Storing gas cylinders correctly: the importance of staff training

Sep 6, 2018 Posted by Walter Ingles

Compressed gases in cylinders are Dangerous Goods and must be stored correctly to avoid injuries and workplace accidents. Many gases are toxic, corrosive, flammable and explosive so they present a serious risk of injury to workers. In this blog we are talking about staff training — because it’s not good enough to just have compliant gas bottle trolleys, PPE and gas cylinder stores, your staff need to know how to use them to store the cylinders correctly. Every time.

Hazards associated with gas cylinders

Gas cylinders are awkward. They’re heavy and their long slim design means they are vulnerable to being knocked or falling over. They’re also difficult to carry and can cause manual handling injuries like sprains and fractures. And very often the gases they contain are volatile (toxic, corrosive, flammable or self-reactive) so they can’t be shaken around too much or they could start decomposing and reacting dangerously.

When a gas bottle falls over or is impacted by a falling object, the cylinder can be punctured or the valve broken off at the neck. When this happens the gas is released rapidly and the cylinder can start to spin wildly, and even launch into the air like a torpedo. If the gas is toxic or corrosive workers can be killed or critically injured from exposure, and flammable gases can ignite from static electricity generated by the uncontrolled gas discharge.

Storing gas cylinders safely

Because there are so many hazards associated with gas cylinders, the Australian government has strict requirements for storing them safely. According to AS4332-2004 - The storage and handling of gases in cylinders, gas bottles must be stored upright, inside a secure cage or locked storage facility (to prevent unauthorised access), and individually restrained with safety straps or chains. Cylinders valves must be closed, attachments (eg, welding torches) removed, and valve caps in place.

The cylinders must also be sorted and segregated within the stores according to hazard class, and incompatible gases (plus other Dangerous Goods) must be kept at least 3 metres apart. At the same time empty cylinders need to be separated from full cylinders, labeled and stored in their own store (segregated by hazard class).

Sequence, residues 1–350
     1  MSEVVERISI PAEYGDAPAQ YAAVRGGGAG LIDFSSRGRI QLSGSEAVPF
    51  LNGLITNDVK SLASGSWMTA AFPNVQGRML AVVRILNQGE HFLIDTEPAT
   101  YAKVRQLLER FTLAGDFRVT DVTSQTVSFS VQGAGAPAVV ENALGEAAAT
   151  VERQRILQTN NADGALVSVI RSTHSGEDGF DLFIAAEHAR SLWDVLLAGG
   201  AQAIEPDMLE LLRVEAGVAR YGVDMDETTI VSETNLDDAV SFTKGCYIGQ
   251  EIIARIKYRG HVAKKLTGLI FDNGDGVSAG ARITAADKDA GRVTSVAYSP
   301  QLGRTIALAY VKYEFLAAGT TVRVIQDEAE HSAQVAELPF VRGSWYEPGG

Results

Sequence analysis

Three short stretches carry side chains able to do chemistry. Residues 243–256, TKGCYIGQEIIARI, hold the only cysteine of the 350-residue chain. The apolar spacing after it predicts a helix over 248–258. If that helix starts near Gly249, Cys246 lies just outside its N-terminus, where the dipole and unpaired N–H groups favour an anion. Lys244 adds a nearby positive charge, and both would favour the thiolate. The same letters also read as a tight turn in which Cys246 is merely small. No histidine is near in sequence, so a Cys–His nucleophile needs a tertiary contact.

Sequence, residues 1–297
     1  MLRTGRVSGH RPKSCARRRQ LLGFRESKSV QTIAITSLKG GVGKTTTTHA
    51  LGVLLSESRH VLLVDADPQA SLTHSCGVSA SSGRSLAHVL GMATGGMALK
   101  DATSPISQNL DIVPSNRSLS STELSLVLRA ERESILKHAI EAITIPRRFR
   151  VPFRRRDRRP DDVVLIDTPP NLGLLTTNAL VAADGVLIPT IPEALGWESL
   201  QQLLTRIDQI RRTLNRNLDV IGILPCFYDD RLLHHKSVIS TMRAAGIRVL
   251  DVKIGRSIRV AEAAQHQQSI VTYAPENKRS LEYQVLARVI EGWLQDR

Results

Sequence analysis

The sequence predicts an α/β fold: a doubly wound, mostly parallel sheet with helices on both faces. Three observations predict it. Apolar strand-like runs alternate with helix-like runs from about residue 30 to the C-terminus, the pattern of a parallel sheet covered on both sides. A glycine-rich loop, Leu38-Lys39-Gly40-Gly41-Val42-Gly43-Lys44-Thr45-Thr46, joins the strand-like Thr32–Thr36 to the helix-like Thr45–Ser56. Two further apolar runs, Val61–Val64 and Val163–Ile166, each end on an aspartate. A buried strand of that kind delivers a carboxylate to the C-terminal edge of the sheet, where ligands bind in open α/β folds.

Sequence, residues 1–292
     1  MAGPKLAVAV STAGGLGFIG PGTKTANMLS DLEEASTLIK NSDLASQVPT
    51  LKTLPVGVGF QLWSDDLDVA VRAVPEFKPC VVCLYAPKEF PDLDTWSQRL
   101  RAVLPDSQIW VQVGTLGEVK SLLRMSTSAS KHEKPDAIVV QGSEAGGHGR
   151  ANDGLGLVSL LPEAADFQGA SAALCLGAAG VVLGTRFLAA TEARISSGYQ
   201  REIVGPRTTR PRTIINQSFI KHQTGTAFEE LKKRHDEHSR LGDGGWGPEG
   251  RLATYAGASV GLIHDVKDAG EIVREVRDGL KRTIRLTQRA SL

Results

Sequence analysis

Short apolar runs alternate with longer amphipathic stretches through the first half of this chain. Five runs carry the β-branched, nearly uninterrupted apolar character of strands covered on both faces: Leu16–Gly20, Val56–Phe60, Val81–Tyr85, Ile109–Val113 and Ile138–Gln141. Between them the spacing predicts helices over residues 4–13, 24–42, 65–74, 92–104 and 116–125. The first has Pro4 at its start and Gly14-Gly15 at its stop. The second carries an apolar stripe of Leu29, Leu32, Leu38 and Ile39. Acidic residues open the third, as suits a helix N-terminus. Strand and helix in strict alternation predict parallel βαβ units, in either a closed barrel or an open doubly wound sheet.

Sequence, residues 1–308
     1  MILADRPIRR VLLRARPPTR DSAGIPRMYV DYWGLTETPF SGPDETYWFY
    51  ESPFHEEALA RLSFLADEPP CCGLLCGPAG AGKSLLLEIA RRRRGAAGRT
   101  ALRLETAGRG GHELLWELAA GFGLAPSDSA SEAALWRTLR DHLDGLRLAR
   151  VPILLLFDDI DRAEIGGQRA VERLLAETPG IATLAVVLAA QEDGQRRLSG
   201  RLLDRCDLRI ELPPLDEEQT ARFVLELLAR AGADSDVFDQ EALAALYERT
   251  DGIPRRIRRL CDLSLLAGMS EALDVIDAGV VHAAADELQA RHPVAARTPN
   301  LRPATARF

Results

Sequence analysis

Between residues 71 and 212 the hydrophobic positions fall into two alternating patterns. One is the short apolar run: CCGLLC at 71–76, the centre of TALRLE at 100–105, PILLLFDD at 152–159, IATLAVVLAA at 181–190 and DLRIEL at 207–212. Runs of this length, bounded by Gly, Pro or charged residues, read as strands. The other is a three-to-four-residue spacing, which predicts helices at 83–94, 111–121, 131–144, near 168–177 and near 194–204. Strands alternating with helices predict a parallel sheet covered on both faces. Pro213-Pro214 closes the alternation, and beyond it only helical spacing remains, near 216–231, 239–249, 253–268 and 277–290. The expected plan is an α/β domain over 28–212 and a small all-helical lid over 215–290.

TIP: To learn more about the requirements for safely storing gas cylinders why not download our free eBook Gas Cylinder Storage: Compliance and safety requirements.

 

Mandatory Training Requirements

Apart from detailing how to actually store the cylinders, AS4332-2004 - The storage and handling of gases in cylinders has a number of mandatory requirements for training staff. These include:

Hazard Awareness

All personnel who handle gas cylinders (including unloading them or returning to cylinders stores) must be fully conversant with the chemical properties of the specific gases being used and stored. They must be familiar with the Safety Data Sheet (SDS) issued by the supplier and know where to access the documents onsite.

Safety Regulations

Staff need to know the requirements under the law and the prescribed safe handling procedures. This includes storing cylinders upright, keeping them individually restrained,  making sure valves are closed and caps in place. They also need to know that unauthorised personnel are prohibited from entering cylinder stores.

Safe Handling Methods

Staff and contractors need to know specific manual handling procedures for heavy cylinders and how to correctly use mechanical lifting devices and gas bottle trolleys. They should be given specific training on what to do if they drop a cylinder, encounter a damaged valve, or cylinder without a label.